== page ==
The transfer of power, which is the only source for the creation of a true bundle, takes place through the dream experience. All power in the universe is centered in the sun (Natoji) and pervades the earth. This power communicates with individuals by making itself manifest through dreams.
An anonymous Blackfoot medicine man, speaking to Clark Wissler (Social Organization and Ritualistic Ceremonies of The Blackfoot Indians, The American Museum of Natural History, Volume VII, 1912) says:
“The shell bead necklace of which I speak was given to me in a dream at the time of the Sundance. An old man with white hair and very old clothes came to me and said, ‘This medicine lodge is ours, and when you wish the weather to be good you must go to the water and dive. Now I give you this power and you must give me what I ask for.’ Since this time I have kept the beads and have exercised my power over the weather. At the time of the Sundance I keep the rain away.”
Blackfoot Tipis Set Up For The Sundance Ceremony
Cloaked as animate objects such as a person or animal, Natoji appears in the dream and confers power for some specific purpose. This is done in the dream (and later faithfully reproduced in the material world in all its detail) with an accompanying ceremony. The hands and feet of the recipient are usually painted, songs are sung and the directions are given for invoking the power. The obligations or taboos attached to the medicine are fully explained. This is regarded as a sacred covenant between the dreamer and the spirit being. Each is expected to honor the obligations that help maintain the power of the medicine.
A man has the right to transfer this medicine to another but in doing so he must relinquish any of the benefits derived from it. It would be useless to appeal to the medicine in his moment of need for its power has passed out of his life. When such a transfer occurs, the original ceremony is reproduced for the new owner and he becomes custodian of the power of the medicine until death or transfer. The most vital part of the ritual is the song and the initial transfer of power achieves its climax in the presentation of the song. Occasionally you will find a man willing to sell his charm or medicine to an outsider but never will he sing the sacred song that accompanies it. The object itself might be replaced without gravely offending the power concerned, but if the songs were revealed, that was the end of the medicine.
The dream experience in which medicine is given is one of the most desired events in the life of a Blackfoot. Many, in apparent good faith, have sought this experience without success. This event is sought by going out to a lonely place and fasting night and day until the vision comes. A young man seeking the vision usually comes under the guidance of a man of medicine experience who will initiate a preliminary ceremony to encourage a dream, but the young man must make his journey alone. At the appointed place where he awaits his dream he prays to all things of the sky, earth, and water to take pity on him. He cries out in a mournful dirge-like wail with words composed spontaneously.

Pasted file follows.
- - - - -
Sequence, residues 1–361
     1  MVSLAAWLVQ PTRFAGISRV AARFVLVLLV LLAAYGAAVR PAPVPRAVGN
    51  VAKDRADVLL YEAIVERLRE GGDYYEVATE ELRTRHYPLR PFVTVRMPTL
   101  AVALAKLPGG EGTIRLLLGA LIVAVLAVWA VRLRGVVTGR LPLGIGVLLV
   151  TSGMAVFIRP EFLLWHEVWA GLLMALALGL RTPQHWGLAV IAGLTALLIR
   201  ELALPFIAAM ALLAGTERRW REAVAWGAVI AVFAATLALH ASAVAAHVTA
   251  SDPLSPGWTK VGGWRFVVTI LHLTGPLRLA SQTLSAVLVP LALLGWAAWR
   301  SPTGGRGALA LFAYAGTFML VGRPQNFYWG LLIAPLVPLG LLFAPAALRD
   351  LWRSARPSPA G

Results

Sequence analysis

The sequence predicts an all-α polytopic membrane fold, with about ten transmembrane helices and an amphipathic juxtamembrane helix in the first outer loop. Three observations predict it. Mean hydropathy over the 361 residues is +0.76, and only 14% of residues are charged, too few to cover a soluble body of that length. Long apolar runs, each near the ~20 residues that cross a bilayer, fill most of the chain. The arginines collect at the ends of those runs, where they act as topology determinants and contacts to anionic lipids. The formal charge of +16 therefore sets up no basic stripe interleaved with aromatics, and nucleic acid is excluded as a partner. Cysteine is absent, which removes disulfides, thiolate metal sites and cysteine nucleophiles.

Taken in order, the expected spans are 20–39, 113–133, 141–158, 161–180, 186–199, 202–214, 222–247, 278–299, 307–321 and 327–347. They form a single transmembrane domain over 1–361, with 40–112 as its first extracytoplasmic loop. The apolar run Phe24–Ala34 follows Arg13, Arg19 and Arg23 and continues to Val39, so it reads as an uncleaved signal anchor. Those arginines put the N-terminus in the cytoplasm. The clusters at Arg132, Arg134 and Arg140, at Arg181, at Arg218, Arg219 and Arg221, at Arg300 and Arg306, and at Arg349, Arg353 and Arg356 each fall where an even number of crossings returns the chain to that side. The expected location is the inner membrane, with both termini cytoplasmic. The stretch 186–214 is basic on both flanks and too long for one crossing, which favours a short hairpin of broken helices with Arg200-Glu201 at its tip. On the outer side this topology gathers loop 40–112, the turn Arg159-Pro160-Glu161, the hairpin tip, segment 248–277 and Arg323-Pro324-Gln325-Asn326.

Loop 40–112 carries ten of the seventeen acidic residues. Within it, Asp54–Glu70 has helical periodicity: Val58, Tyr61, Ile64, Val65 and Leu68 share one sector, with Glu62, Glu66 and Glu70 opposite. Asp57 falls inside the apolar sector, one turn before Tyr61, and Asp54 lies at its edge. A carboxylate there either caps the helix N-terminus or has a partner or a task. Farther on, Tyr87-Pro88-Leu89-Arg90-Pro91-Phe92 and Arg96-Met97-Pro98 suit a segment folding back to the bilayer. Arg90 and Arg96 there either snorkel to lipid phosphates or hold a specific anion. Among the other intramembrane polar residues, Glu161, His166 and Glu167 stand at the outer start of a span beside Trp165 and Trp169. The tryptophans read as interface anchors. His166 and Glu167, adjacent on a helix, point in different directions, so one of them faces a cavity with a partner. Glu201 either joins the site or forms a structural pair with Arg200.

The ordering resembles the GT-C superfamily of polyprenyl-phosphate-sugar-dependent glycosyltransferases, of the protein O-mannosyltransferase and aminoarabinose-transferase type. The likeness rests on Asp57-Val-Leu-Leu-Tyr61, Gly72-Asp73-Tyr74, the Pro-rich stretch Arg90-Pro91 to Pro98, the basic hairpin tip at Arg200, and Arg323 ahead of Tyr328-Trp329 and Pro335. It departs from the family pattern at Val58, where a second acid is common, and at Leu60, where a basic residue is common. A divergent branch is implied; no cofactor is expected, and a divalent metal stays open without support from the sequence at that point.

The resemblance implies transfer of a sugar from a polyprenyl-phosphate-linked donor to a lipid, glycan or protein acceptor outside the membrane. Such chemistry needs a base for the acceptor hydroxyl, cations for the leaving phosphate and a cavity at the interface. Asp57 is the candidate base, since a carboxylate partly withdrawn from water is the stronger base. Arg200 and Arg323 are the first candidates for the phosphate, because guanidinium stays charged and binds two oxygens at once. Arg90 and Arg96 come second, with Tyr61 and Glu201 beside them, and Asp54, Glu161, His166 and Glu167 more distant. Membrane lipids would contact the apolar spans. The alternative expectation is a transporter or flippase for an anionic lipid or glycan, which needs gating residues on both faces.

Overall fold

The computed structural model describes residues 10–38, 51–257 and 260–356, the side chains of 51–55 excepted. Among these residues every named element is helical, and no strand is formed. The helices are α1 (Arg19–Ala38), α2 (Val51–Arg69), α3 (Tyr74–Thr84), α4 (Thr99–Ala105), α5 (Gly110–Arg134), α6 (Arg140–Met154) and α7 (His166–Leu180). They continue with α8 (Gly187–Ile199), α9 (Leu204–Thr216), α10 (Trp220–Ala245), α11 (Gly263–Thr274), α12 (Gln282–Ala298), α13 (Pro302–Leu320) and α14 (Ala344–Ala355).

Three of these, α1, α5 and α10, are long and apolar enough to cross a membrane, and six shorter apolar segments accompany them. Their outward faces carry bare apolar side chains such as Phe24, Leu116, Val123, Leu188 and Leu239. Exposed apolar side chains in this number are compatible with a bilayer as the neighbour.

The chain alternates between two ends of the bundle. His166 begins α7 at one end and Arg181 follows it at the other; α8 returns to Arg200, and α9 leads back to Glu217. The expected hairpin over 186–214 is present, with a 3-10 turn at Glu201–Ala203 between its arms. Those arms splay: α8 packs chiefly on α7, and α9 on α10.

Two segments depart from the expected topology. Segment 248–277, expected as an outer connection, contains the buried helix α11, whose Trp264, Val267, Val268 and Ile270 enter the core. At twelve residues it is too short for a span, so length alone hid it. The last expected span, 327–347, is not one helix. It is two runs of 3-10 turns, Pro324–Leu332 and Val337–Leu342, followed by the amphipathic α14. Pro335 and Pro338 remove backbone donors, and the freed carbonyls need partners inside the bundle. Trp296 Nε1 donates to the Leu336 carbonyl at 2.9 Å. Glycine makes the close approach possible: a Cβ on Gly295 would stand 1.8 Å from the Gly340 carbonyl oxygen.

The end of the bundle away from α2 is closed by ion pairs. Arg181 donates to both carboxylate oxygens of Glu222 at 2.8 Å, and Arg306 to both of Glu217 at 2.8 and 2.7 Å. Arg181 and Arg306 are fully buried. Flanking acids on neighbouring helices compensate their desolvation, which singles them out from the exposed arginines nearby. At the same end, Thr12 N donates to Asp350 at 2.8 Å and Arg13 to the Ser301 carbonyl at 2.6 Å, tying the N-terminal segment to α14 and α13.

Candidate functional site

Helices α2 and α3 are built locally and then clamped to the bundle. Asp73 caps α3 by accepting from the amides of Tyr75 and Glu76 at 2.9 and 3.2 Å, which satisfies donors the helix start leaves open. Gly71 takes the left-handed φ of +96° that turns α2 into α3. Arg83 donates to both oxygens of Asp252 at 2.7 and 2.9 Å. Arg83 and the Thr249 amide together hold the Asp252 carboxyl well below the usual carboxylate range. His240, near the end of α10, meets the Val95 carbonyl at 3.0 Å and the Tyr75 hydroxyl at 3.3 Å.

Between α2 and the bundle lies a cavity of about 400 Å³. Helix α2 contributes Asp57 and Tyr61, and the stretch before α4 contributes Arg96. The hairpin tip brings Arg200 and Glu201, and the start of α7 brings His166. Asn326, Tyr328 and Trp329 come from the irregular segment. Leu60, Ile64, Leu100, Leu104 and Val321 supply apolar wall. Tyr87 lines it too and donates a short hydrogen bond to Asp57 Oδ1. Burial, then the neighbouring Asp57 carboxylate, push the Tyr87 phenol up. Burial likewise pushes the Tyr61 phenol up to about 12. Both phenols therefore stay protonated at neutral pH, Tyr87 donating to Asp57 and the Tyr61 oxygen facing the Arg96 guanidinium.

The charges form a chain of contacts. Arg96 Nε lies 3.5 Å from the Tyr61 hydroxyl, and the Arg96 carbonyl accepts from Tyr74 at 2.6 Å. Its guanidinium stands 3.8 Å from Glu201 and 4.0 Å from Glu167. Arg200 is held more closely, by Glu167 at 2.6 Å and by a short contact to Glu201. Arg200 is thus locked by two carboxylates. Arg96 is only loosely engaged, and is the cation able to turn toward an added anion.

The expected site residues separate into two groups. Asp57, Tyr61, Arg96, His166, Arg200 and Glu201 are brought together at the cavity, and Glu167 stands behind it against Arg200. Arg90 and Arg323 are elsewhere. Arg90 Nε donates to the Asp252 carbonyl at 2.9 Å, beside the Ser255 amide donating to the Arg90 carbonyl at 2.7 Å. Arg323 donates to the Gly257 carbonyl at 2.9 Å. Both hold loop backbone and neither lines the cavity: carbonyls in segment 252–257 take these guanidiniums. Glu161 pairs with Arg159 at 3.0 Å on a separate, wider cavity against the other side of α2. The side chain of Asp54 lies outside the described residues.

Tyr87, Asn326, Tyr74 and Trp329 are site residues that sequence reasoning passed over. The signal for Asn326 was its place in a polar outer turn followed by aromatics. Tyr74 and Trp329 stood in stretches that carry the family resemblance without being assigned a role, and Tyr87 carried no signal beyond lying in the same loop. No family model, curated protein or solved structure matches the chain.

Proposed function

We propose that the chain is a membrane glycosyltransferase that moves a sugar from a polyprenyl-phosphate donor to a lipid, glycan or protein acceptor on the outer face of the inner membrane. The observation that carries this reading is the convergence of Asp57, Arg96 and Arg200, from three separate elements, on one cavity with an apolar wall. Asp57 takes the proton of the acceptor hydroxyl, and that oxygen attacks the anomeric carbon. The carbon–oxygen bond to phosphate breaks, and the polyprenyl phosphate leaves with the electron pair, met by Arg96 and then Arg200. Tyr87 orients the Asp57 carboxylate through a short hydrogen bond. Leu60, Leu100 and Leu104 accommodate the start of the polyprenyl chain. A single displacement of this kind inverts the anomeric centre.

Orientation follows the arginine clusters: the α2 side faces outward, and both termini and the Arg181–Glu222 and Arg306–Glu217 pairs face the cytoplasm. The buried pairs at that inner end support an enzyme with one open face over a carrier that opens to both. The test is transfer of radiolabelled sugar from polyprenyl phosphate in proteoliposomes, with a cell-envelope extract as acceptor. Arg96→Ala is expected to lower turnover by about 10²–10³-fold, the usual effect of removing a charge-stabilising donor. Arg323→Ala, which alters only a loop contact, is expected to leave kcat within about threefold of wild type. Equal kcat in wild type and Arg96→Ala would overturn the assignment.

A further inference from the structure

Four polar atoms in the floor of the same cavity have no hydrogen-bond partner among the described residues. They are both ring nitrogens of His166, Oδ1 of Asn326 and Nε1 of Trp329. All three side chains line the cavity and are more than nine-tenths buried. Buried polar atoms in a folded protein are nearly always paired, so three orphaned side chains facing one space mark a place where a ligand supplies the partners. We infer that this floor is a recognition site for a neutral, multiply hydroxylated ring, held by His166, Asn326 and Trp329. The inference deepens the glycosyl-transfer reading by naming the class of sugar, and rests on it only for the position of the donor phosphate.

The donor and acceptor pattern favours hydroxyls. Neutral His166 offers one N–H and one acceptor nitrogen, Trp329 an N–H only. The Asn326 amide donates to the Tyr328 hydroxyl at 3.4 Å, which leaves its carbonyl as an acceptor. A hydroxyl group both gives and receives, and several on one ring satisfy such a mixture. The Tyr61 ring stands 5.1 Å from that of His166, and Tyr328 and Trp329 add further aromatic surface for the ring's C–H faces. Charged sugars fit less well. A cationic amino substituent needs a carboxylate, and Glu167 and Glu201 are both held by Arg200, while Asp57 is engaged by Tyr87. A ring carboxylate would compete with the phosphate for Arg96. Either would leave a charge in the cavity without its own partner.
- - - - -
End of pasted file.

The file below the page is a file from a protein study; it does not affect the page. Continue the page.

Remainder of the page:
The only object that accompanies him on his journey is the filled medicine pipe which is kept in hopeful anticipation of the dream person. The majority of people fail in this quest because of unexplained and unreasonable fears that assails them on the first night, causing them to flee from their post. Even older and more experienced men often find this ordeal more than they can bear. A man of medicine rarely resorts to this trial because dreams of the necessary quality come to them in normal sleep. Most men secure their charms or various medicines from others who do have dreams or from bundles that are available for transfer. Yet every man of significance within the tribe is expected to have one experience in which he receives a supernatural helper and acquires a song. Of this, he will never speak directly except to one intimate friend to whom he will say, ‘When I am about to die, please paint me in the sacred way and sing this song. That way I may recover.’ This song is absolutely secret and never used except in the face of death.
Blackfoot Cermeonial Gathering, Circa 1850
If a man owning an important bundle loses a loved one, he may become distraught and vengefully cast the bundle into the fire or otherwise desecrate it because it failed to prevent the death. Many bundles were destroyed or lost in this manner. A previous owner, if he is near, will come and removed the bundle at once. After awhile medicine men will approach the grieving man and suggest that he again take up the care of his bundle. A sweat lodge is then performed, the owner freshly dressed and painted, and returned to his tipi with the bundle to resume his former functions with regard to its care.
Ceremonies of the Medicine Bundle